At the opening of the conference, representatives from the Food and Drug Administration (FDA) announced their plan to ban the commercial harvest and sale of raw oysters during summer months - possibly up to eight months out of the year - in an effort to reduce illness from a naturally occurring warm bacteria - Vibrio vulnificus.

The Vibrio bacteria can cause severe illness in people with weakened immune systems who come into contact with it from eating seafood from, or even swimming in, water in which the bacteria is present.

FDA's proposal would require all oysters sold between May and October undergo post-harvest processing which involves individual quick freezing with frozen storage, high hydrostatic pressure, mile heat and low dose gamma irradiation.

An expensive process, many in the industry claim the post-harvesting process also changes the flavor of the product. Some say that the FDA's belief that consumers will simply switch to processed oysters is like "claiming that people don't appreciate the difference between fresh strawberries and frozen ones."

The FDA proposal has not only shocked commercial seafood interests all along the Gulf Coast, it has stunned local business and tourism leaders - especially when they learned that the FDA officials had not analyzed the economic impacts of such a proposal.

And, considering that national unemployment hovers near 10 percent the proposed ban has many baffled and angry.

"This proposed ban would devastate our community," said Anita Grove, director of the Apalachicola Bay Chamber of Commerce. " Most every business here is in one way or another tied to oyster harvesting. It is a clean, sustainable economic resource that we have carefully preserved for generations."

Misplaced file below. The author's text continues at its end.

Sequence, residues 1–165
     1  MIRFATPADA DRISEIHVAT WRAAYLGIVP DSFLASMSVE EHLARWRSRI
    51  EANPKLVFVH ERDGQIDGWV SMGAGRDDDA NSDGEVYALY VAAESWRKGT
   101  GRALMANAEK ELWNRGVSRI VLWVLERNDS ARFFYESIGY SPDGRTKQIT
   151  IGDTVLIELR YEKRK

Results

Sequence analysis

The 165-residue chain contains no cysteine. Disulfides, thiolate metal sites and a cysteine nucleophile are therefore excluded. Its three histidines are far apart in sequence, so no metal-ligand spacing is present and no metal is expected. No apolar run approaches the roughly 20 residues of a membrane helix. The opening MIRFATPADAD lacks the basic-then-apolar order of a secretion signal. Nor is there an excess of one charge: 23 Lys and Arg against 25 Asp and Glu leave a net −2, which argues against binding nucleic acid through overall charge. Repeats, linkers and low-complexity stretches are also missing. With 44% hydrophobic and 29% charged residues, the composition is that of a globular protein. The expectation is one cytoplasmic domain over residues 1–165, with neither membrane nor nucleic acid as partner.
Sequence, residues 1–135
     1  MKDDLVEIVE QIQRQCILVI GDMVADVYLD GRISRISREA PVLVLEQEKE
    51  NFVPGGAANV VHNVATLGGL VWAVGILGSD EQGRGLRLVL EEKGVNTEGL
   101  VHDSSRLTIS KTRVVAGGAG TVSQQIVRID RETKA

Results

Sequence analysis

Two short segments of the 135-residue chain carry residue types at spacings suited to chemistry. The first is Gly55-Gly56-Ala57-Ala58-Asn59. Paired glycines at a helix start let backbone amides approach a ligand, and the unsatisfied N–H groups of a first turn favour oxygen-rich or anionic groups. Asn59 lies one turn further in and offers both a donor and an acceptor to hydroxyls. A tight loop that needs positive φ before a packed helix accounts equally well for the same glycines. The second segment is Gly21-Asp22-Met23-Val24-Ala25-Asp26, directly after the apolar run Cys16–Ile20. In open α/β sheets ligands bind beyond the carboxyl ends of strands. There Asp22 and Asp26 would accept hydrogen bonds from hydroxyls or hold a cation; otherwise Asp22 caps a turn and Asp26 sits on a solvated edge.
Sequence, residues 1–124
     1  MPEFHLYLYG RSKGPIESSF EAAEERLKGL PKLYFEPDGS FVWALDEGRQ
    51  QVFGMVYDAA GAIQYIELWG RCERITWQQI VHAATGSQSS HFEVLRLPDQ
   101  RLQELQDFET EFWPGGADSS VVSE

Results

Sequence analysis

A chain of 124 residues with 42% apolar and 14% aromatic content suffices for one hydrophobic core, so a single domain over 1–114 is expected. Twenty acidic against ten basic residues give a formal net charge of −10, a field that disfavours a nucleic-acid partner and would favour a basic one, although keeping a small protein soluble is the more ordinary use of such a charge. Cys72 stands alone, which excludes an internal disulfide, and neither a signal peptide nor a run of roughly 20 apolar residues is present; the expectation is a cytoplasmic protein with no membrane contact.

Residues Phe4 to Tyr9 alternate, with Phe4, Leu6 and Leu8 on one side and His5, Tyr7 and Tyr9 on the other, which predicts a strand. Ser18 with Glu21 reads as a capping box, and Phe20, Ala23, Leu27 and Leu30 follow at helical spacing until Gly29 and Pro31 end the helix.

Preserving and promoting the history and culture of Franklin County's resource-based commercial seafood industry is where the Franklin County Tourist Development Council (FCTDC) weighs in on the issue.

"Our seafood heritage and the availability of local seafood, particularly Apalachicola Bay oysters, are some of the primary reasons tourists visit Franklin County. The proposed ban would have a severe impact on the tourism industry," said Helen Spohrer, chairman of the FCTDC.

The Franklin County tourism industry relies heavily on an image based on its authentic commercial seafood and rustic old Florida lifestyle. In 2008, Franklin County collected $771,952.87 in bed tax revenues from visitors. Based on Visit Florida's 2008 Florida Visitor Study statistics, tourists spent approximately $11 million on lodging in Franklin County and more than $13 million on food - much of it on fresh seafood - and oysters - from Apalachicola Bay.